About an Autism Diagnosis: Grieving, being heartbroken and then accepting it.
So far I’ve talked solely about my experience of coming to terms with my son’s autism diagnosis. I haven’t yet mentioned the fact that Adam does in fact have a father who is also my husband. Undoubtedly this whole coming to terms with autism saga is not easy on any relationship and unfortunately there are also many couples out there who never make it through this difficult time and do in fact crack under the pressure and end up going their separate ways.
It was only when I got to the grief stage that I started to really wonder how my husband was feeling about having an autistic son as up to that point he had stayed mostly ominously silent about the whole process. So much so that I was wondering is he getting this and how can he not be reacting more to this saga? Then one day out of the blue it was suddenly made very clear to me that my husband was in fact going through his own trauma about our son having autism.
When I entered the grief stage I was just not able to hold back the torrents of tears that engulfed me. It was like a mega Irish funeral of mammoth proportions that went on for weeks. Why my son? He is so goddamn handsome and everyone had been continually telling us that we were the perfect gentleman’s family a daughter and a now a son. Then along came Autism and blew that idyllic take out the window.
Then one day my other half came home from work only to find me swollen eyed and dejected once again. If I had been hoping for a hug or a sympathetic word in my ear today was not the day that I was going to get it.
‘Why are you crying now he asked me?’
I just looked at him and wondered if he had forgotten he had an autistic son?
‘Adam has autism and I can’t fix it!’ I sobbed yet again.
‘But I thought this was a great adventure for you, an autistic son, a new cause on your hands and aren’t you just after finding out you have Aspergers Syndrome too? I thought you were delighted with your new life and all the great writing material you now have?’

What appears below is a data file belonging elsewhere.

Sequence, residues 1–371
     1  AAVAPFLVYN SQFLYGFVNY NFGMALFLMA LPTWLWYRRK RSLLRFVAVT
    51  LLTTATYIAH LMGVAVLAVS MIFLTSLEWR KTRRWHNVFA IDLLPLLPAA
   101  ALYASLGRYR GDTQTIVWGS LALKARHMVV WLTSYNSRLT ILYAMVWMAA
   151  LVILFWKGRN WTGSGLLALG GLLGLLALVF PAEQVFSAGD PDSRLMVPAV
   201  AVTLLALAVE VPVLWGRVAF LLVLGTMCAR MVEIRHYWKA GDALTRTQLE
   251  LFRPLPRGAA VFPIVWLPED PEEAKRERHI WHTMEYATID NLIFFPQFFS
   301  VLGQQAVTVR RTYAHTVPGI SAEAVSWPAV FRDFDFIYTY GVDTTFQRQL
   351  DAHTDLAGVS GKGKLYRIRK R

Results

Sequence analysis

‘Don’t be so stupid,’ I snapped back, ‘I am only trying to make the best of a bad situation, it’s the only way I can keep myself sane right now it is my way of coping.’
‘I think its time you snapped out of it now. You have a daughter too you know or have you forgotten?’
‘Of course I haven’t, why are you being so nasty when I am just doing my best?’
Soon after my husband slammed the back door as he stormed out to his man cave in the garden and it was only then that the realization hit me like a sledgehammer.
He’s at the anger stage. All this talk about he being fine and it’s not the end of the world that our son has autism was him going through the denial stage, then the bargaining stage and now he’s at the anger stage.
Sure enough this phase of anger was followed by grief which lasted quite a while but then thankfully he does now seem to have moved onto the acceptance stage too. So thankfully our family is bruised but still intact.
So now we like to think we are all at the Acceptance stage. It still doesn’t always come easily and some days I think I am so totally there and yet other days I still think that I may never totally accept this.